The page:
I've reviewed many Revel surround speaker packages over time, but it's been six years since my last Revel review, a system centered on the Performa F208 tower speaker. At around 13 grand, that system could still be considered an affordable option compared with a full surround package built around the company's flagship Ultima range. Now, with its PerformaBe line, Revel has a mid-price speaker offering to help bridge the gap.

Thomas J. Norton  |  Jul 15, 2020  |  0 comments

Performance
Features
Ergonomics
Value
PRICE $800

AT A GLANCE
Plus
Effective local dimming
Precise HDR tracking
Low price
Minus
Poor off-center viewing
Minor banding artifacts

THE VERDICT
The Hisense 65H8G proves that even budget TVs now offer features enabling a high level of performance that was previously the domain of much pricier sets.

Hisense has joined the ranks of LCD TV makers using quantum dots, a technology that enables sets to more closely approach the wider color gamut promised by Ultra HDTV. (Quantum dots generate red and green light when energized by a blue LED, with the sum total providing the backlighting that LCD TVs require.) Along with the 65-inch 65H8G reviewed here, Hisense's H8G series also includes a 75-inch model, the largest flat-panel the company offers. For larger screen sizes, the company offers a range of ultra short throw laser projectors.

Thomas J. Norton  |  Jul 14, 2020  |  2 comments
My last blog was limited to placement of the left and right speakers in 2-channel system, or just the left and right speakers in a home theater setup. There’s a lot more involved with a full surround sound setup....The remaining speaker channels we haven’t yet discussed are the center, the surrounds, and possibly Dolby Atmos. I’ll limit this discussion to 5.X or 5.X.4 setups, both with and without four Atmos speakers (for newbies, the 0.4 in the 5.2.4 designation describes the number of Atmos speakers, and the X is a stand-in here for the number of subwoofers, most often one or two). There’s a wide range of additional possibilities, including front height speakers, two additional surrounds (7.X.4), more than four Atmos speakers (though we don’t know of any consumer Atmos sources that offer more than four discrete Atmos channels), or only two rather than four Atmos speakers. But I suspect that 5.1.4 or 5.2.4 (five main channels, one or two subs, and four Atmos speakers) will describe most readers’ setups....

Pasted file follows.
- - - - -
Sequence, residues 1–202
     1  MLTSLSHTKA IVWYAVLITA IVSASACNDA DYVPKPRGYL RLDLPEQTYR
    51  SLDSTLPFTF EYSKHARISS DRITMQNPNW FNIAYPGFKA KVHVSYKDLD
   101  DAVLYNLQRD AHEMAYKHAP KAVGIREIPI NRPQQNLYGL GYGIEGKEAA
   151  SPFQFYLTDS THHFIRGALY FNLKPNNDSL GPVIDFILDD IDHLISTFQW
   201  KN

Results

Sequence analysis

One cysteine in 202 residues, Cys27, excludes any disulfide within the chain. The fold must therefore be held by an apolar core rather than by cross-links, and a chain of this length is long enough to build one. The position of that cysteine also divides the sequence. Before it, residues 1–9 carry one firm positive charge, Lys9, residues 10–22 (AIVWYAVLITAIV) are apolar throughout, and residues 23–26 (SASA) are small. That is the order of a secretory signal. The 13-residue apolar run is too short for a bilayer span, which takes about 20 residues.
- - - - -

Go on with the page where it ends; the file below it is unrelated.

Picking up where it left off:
Thomas J. Norton  |  Jun 30, 2020  |  5 comments
I recently responded to a question from a reader on proper speaker placement, a complicated subject that can never be given enough attention. It involves not only how you or I might prefer to position the speakers, but also possible veto by the décor committee. Here are some tips on where to put speakers for the best possible sound.
Thomas J. Norton  |  Jun 16, 2020  |  0 comments
We all suffer through choosing a film to play for friends and family on a movie night. This might invariably include Joe and Ann from down the block, the neighborhood’s premier movie fans (apart from you!) who claim to have seen just about everything. Of course, most of what they’ve seen might have been on a 40-inch set (or even an old 27-inch, low definition CRT), constantly interrupted by commercials. Or perhaps new neighbor Bob from across the street, who hasn’t seen a movie in 20 years on anything but his computer — or not at all.
Thomas J. Norton  |  Jun 02, 2020  |  11 comments
It’s only been two months since I last opined on this topic, but things are never static in these interesting times. The subject of the survival of movie theaters, important not only to the movie industry but to the home video market as well, continues to evolve. Both industries, for better or worse, are dependent on the on the health of the film industry.

Some folks believe that the market for streamed movies will compensate for any permanent closing of theaters.